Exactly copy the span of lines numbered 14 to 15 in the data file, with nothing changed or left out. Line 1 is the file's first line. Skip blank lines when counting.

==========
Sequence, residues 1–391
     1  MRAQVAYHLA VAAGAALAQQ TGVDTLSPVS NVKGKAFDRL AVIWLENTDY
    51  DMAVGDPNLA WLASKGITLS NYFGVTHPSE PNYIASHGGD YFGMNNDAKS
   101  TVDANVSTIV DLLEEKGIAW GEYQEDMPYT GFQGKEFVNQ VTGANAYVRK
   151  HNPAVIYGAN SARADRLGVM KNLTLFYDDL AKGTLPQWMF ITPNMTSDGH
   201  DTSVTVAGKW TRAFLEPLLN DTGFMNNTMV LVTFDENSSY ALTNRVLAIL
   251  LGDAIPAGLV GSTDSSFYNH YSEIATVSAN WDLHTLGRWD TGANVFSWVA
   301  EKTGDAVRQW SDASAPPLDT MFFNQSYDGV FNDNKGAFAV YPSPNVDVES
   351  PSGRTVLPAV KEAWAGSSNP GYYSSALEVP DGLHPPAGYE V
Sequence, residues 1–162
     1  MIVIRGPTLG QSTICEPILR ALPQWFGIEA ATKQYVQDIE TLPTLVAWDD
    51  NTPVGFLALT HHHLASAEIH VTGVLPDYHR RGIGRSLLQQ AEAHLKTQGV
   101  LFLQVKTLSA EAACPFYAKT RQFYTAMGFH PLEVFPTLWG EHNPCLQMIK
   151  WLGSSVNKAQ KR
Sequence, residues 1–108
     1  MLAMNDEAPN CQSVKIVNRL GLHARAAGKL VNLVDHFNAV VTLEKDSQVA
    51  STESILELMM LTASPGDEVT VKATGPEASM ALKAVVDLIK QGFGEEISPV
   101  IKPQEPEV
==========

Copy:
   151  WLGSSVNKAQ KR
Sequence, residues 1–108